Notes on Bicycle Camping: Tent or Hammock?

Radar

Notes on Bicycle Camping: Tent or Hammock?

My setup

People have asked me this more than just about anything else when it comes to bicycle camping: tent or hammock? Before we dive right in, I want to clarify that those aren’t the only options. You can also use a bivy or just a sleeping bag on a tarp. I’ve done it all and over the years, I’ve dialed in what I would consider a great system for selecting which will work for you.

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The first and most-used option is the tent. With options ranging from around $100, up to $500. I prefer to use ultralight backpacking tents. Why? Because like backpacking, I like to reduce weight where I can, to give me space and weight to allot elsewhere. FWIW, I carry a hatchet when I camp, so I’m not a super weight weenie.

Tents are great. The good ones, like the Big Agnes UL1 go up in seconds, weigh next to nothing at 2 lbs packed and are very durable. I’ve made it through pretty nasty storms with no issues. The UL1 is around $330. Not cheap, and not exactly roomy, but I camp to spend time outdoors and literally need a place to sleep.

For bedding, I use the Western Mountaineering HighLite bag. It’s good to 35º and weighs 16oz.

Sleeping pads are essential for tents and hammocks. They were developed not for comfort, but insulation against ice and snow. My pad of choice is the Thermarest NeoAir XLite. I’d rather use a Thermarest and no bag, rather than just a bag in moderate temperatures.

So, equipment is down, when do I prefer to use a tent?

Tent Use:
-If it’s going to rain or be below 30º.
-If I’m doing a multi-day trip
-If there are a lot of bugs, or other critters.
-If there aren’t a lot of trees in the camp sites.

Or, sometimes, I just want to get in some tent time. I’ve had a lot of bad experiences with a hammock and none with a tent, so it’s one less component in the equation that could go wrong…

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Hammocks are really incredible for bicycle camping. They’re even easier to setup, have a fairly low barrier to entry, as far as finances are concerned, pack somewhat light, have no poles to break and clean easily.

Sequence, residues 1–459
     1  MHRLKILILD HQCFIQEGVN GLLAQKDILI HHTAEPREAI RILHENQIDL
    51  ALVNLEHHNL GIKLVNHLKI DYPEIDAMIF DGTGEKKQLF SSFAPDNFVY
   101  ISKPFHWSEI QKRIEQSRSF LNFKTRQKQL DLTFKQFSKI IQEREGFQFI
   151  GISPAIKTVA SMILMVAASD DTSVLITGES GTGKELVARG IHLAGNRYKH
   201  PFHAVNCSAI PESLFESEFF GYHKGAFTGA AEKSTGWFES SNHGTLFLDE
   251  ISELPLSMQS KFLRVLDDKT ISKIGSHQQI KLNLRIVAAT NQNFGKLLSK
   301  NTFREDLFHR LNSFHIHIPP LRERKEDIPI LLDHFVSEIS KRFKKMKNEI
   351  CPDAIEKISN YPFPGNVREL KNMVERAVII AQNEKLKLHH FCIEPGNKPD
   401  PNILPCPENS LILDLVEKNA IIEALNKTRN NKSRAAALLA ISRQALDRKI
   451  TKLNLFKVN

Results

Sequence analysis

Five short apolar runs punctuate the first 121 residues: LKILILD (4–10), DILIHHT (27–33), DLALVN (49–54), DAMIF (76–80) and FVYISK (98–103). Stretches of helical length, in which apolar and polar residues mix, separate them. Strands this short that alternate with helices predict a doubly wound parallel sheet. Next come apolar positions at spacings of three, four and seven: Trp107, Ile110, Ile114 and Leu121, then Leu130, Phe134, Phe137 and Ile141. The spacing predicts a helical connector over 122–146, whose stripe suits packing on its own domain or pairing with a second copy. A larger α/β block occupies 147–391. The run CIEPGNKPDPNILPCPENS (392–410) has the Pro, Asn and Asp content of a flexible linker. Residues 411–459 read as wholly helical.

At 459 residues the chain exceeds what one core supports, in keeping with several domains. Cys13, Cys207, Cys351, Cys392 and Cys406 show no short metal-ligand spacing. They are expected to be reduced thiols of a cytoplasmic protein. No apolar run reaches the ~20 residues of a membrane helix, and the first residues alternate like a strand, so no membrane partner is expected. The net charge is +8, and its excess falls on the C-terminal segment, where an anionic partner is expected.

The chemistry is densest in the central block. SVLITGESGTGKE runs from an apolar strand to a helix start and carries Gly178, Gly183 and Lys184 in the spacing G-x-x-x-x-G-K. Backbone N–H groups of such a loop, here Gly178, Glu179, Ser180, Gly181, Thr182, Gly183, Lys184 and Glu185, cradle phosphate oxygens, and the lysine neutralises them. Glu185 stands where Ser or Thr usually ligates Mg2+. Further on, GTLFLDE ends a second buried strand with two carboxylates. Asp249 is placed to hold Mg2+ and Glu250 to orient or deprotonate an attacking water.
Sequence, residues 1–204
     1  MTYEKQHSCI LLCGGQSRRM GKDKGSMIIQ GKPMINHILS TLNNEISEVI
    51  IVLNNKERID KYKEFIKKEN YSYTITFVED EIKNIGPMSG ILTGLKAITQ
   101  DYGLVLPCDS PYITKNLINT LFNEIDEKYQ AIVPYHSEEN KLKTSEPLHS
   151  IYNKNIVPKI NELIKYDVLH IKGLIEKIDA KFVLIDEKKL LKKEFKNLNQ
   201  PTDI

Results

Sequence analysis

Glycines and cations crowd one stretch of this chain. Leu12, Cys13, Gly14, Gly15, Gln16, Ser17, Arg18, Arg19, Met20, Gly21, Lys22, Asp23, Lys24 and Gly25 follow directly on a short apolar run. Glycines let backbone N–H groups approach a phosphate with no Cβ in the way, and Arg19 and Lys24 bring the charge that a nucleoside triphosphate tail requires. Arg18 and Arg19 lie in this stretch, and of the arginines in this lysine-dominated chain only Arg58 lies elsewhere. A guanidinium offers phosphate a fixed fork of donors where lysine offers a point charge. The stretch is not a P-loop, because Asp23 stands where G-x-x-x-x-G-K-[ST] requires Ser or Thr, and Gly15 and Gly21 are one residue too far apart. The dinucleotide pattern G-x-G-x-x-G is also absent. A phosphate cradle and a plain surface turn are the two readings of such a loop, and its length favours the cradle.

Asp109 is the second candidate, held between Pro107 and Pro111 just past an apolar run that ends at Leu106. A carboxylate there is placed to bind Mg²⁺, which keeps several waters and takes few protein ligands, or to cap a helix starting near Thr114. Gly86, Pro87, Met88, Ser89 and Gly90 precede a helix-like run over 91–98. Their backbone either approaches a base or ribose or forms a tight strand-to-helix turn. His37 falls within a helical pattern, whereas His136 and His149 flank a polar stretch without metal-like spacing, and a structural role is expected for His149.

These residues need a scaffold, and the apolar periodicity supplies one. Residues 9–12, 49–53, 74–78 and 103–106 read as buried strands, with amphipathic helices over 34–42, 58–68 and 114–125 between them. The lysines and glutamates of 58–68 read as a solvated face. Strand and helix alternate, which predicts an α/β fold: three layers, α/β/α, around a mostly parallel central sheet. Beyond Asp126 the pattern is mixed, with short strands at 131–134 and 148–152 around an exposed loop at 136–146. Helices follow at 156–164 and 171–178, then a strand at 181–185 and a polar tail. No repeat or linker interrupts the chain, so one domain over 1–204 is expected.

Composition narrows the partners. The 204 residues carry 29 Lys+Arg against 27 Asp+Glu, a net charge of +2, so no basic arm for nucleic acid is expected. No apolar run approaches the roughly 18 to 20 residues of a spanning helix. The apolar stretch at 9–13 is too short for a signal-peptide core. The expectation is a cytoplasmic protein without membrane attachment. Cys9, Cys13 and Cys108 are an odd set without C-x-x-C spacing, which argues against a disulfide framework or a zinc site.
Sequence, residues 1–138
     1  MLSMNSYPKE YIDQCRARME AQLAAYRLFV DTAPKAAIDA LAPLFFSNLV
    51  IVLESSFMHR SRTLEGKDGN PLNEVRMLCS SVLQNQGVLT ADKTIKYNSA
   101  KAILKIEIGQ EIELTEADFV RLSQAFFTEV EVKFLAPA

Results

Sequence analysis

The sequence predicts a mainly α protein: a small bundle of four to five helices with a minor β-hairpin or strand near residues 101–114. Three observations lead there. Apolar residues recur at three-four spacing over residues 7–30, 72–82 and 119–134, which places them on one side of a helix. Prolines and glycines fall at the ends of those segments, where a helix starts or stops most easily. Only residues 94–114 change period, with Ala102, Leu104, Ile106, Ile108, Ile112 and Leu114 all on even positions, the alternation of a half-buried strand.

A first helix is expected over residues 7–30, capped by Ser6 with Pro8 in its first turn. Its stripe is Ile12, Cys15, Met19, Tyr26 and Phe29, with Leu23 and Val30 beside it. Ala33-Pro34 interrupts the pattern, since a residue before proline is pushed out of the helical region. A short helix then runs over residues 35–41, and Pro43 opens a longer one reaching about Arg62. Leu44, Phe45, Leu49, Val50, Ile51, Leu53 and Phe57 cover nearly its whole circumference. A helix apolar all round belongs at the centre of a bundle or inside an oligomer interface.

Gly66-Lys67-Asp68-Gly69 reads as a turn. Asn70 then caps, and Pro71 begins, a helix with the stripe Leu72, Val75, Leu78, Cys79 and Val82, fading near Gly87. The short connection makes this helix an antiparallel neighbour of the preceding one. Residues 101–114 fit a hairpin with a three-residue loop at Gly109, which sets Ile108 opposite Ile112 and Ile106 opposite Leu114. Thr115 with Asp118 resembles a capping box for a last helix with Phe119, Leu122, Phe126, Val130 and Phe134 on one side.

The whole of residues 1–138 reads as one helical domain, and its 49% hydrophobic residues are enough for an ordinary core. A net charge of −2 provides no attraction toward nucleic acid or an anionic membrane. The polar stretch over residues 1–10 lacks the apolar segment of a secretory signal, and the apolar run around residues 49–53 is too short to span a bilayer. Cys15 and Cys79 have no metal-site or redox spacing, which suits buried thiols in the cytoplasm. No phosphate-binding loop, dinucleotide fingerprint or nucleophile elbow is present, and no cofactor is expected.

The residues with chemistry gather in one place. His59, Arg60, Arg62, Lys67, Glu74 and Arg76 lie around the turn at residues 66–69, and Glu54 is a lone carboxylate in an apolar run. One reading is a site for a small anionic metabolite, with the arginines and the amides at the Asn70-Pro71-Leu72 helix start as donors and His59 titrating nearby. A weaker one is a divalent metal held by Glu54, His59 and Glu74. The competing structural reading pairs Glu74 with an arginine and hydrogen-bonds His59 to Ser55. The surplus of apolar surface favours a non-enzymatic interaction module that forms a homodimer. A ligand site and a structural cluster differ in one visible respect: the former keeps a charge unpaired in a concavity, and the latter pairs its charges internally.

Hennessy Hammocks are balleur, and I’ve yet to buy one, so for the time being, I have the ENO system. Now, there are dozens of companies that make hammocks, but the Hennessy has been the best system I’ve used. The bug netting and rain fly is all included. They range from $99 and 3lbs to $250 and under 2lbs with variables all over the spectrum that determines the pricepoint. Bottom line: there’s a Hennessy for your needs.

My ENO system, as pictured, sans bug netting, weighs close to 4lbs all in. Yikes.

That may seem heavy, but I like the ENO system because you can distribute the weight throughout your bike. Your rainfly can go in a saddle bag, straps in a pannier, hammock in another pannier. Unfortunately, for what I paid for it, I could have bought a Hennessy, but I bought it over a series of weeks.

The ENO system is also nice because if it’s going to be warm and not rainy, you can just bring the $70 hammock and straps, without having to lug around extra accessories. I.e. pack what you need.

There are two cruxes to bicycle camping with a hammock. The first of which is the obvious. Trees. You must have trees to hang your hammock. I’ve had issues with this three times. Once, in the redwoods. Sure, there are trees, but the straps wouldn’t fit. Other times, the trees were all low-lying cypress, oak or cedar and weren’t strong enough to support the hammock.

Another crux is the loss of body heat. Since your back is exposed, the wind will wick away all your heat. A sleeping pad helps and an emergency blanket over the pad will help, but it won’t be as warm as a tent. I’ve frozen my ass off for many nights even with a pad, a sleeping bag and an emergency blanket. It sucks. Luckily, ENO makes a hammock with a built-in sleeve for a sleeping pad, so you don’t have to hassle with a sliding mat all night. I’ve stuffed all kinds of shit into that sleeve to keep me warm on really cold nights.

So, here’s when I select a hammock.

Hammock Use:
-If it’s a wooded area with lots of trees – you need trees approx 10′-12′ apart, so the tent doesn’t sag funny.
-The temperature range is between 50º and 90º.
-There won’t be bugs, mosquitos, etc. Never use a hammock by a lake… unless you have the bug netting.
-You’re doing a S24 and you just want a place to sleep.
-The ground at the campsites might be more ideal for a hammock.

I know none of this information is revolutionary, but it’s a good reference for people to think about when they’re selecting gear for their next tour or camping trip. Got any other points you want addressed? Ask in the comments. Got tips to share? Please do!